Non Point Source Assessment Tool
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README.md

Wells in Central Valley

Overview

Non Point Source Assessment Tool

Dependencies

  • Deal.ii 9 Deal library has quite a few options on how to compile. The easiest seems to be the (Candii) distribution which involves just one line:

    ./candi.sh -j 4 --prefix=Path/to/candi/compiled/libs
    

    (If you dont have more than 16 GB ram then use -j 2 or even without j).

  • CGAL. It is highly recommended to use version 4.11.3 as earlier or later compiled versions have failed to be compiled together with NPSAT. If you already have a CGAL installation from sources (e.g.sudo apt-get install libcgal-dev) then it may work even if the installed version is not the specific one. To find out about the compiled version compile and run this program.

If you follow the installation guide from the library then you will do the following

cd /path/to/cgal-releases-CGAL-4.11.3
mkdir -p build/release
cmake -DCMAKE_BUILD_TYPE=Release ../..
make

Build NPSAT

To compile the NPSAT code run the following command from the directory where the npsat.cc file is.

cmake -DDEAL_II_DIR=Path/to/candi/compiled/libs/deal.II-v9.0.0 -DCGAL_DIR:PATH=/path/to/cgal-releases-CGAL-4.11.3/build/release .
make

Run

Calculate flow & particle tracking

To run NPSAT you need to prepare a main parameter file. then you can do

mpirun -n nproc path/to/executable/npsat -p parameter_file.npsat

This is going to execute the problem described in the parameter file. using nproc processors. If the particle tracking is on, then most likely the particle trajectories have been written in several files per processor, where each file contains segments of the particle trajectories. To do anything useful with them you need first to gather them. You can do so by running the following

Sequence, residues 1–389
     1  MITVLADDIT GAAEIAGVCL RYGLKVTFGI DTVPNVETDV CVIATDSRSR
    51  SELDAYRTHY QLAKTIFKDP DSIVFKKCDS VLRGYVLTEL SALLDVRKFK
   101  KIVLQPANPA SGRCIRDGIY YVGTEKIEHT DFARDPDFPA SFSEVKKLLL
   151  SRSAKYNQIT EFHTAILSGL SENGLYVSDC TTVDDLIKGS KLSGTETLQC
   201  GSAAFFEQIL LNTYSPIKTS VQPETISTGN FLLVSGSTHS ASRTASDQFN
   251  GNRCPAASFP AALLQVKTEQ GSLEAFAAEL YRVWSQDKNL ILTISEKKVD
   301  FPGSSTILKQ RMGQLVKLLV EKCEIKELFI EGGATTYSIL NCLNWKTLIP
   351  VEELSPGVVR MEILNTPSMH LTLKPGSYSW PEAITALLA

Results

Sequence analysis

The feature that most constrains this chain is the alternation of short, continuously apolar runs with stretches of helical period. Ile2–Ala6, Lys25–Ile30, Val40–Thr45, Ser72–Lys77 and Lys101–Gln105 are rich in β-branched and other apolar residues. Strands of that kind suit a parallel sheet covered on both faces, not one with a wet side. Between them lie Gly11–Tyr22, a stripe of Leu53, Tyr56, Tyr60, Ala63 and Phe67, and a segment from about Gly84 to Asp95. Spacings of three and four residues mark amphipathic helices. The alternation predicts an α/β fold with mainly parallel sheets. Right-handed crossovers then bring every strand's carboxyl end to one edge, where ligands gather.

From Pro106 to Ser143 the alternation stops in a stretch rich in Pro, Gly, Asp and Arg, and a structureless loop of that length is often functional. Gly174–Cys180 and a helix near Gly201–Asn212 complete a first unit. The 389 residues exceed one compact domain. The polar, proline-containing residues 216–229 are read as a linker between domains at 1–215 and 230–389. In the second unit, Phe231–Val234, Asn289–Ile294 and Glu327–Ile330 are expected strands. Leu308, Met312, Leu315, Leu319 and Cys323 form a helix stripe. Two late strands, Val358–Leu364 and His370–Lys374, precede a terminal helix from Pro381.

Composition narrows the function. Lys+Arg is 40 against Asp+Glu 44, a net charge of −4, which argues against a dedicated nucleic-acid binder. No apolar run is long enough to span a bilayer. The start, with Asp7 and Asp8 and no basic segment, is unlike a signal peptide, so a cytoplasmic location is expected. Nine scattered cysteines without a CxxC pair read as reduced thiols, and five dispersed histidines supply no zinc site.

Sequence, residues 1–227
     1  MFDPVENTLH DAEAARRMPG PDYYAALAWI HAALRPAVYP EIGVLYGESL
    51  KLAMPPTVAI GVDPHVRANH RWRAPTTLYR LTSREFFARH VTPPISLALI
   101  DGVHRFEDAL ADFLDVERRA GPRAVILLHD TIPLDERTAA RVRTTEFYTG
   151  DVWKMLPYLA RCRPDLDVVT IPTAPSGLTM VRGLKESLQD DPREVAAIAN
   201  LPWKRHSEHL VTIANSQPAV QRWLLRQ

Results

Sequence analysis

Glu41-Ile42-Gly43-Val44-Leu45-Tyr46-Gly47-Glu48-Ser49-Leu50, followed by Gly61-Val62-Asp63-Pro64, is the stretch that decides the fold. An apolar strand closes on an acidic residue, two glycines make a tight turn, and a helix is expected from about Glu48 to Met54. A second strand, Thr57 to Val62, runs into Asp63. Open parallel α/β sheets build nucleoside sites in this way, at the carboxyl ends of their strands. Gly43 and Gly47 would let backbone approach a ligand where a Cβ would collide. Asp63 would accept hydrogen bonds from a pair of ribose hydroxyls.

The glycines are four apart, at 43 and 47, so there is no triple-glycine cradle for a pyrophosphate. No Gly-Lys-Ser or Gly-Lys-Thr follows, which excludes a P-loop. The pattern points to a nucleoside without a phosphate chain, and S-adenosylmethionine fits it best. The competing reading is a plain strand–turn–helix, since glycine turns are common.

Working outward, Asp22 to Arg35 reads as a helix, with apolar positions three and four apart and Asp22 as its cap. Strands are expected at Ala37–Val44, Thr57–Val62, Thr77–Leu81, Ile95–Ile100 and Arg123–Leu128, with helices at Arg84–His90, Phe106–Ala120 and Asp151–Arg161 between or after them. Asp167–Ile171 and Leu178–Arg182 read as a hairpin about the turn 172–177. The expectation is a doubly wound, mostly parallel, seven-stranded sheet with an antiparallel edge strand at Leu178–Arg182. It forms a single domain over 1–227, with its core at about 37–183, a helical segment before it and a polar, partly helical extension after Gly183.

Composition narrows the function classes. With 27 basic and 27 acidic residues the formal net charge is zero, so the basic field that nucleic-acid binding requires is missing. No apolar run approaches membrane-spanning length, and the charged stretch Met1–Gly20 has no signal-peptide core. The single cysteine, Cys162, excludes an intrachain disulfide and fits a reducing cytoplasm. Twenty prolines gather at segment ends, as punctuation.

path/to/executable/npsat -p parameter_file.npsat -g nproc nchunk

where nproc is the number of processors that where used during the simulation and nchunk is a number that is specified at the end of the simulation.

Compute URFs

This gather step is going to generate one or more files with the suffix *.urfs. This contains the data in a suitable format for Unit Response Function calculation.

From matlab or octave simply call

WellURF = readURFs(filename);

Keep in mind that this is going to look for some msim commands. Therefore you need to make sure that the msin folders have been added to matlab search path.

That concludes the workflow of this tool.

For using the URFs see Mantis

Happy pollution predicting!